Handcarts and History

In many ways, handcarts have come to symbolize the Mormon pioneer experience. There are a few reasons for this. With the tragic experiences of the Willie and Martin handcart companies of 1856, the handcart companies are among the easiest group of pioneers to dramatize. As a result, popular Latter-day Saint historical fiction books and movies frequently focus on handcarts and the stories of handcart companies seem to come up almost as often as the rest of the pioneer companies combined in our Church meetings. And, of course, the handcart experience is the least expensive (and least complicated) pioneer experience to reproduce and therefore the most common way for Latter-day Saint youth to reenact Mormon pioneer treks, both in the western United States and elsewhere.[1] We even have movies dramatizing the trek reenactment experience now. While retelling and experiencing these things can be good, there are a few things to keep in mind when it comes to historical accuracy while discussing the handcart pioneers.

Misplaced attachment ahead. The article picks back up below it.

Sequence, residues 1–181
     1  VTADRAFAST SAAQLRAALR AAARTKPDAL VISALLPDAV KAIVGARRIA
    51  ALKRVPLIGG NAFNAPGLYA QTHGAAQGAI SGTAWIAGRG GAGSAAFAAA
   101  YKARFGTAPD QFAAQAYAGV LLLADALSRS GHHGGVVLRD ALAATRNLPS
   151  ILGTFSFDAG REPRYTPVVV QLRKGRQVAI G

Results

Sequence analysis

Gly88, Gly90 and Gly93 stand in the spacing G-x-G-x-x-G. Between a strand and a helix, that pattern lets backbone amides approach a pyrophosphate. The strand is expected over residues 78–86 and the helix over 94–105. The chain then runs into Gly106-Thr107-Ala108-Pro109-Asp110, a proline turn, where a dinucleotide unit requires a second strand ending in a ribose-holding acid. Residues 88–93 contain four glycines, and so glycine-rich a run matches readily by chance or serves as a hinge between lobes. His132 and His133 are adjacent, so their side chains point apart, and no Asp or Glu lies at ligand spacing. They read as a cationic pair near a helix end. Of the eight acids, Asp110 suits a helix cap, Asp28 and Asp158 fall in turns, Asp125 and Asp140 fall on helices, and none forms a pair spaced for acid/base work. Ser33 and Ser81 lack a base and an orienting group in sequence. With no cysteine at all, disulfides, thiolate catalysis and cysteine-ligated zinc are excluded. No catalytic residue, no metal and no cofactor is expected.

First, not all Mormon pioneers were handcart pioneers. Overland immigration in wagon trains to the Utah Territory occurred between the years 1847 and 1869 (when the completion of the First Transcontinental Railroad rendered wagon trains obsolete). The handcart companies made up a small subset of this group, consisting of 10 companies during the years 1856 to 1860, and only accounting for approximately 4-10% of all Latter-day Saint pioneers.[2] By the time the first handcart pioneers entered the Salt Lake Valley, around 40,000 Latter-day Saint settlers had already set roots down in the Great Basin region and both the 1847 vanguard company and the Mormon Battalion march had occurred nearly a decade ago.[3] Even during the four years that handcarts were used they were unpopular, with less than half of Mormon pioneers of that time using them.[4] The idea of using handcarts was merely one in a series of ideas that Church leaders tried out to make immigration cheaper and faster for converts and was phased out when the next idea (down-and-back wagon trains) came along.[5]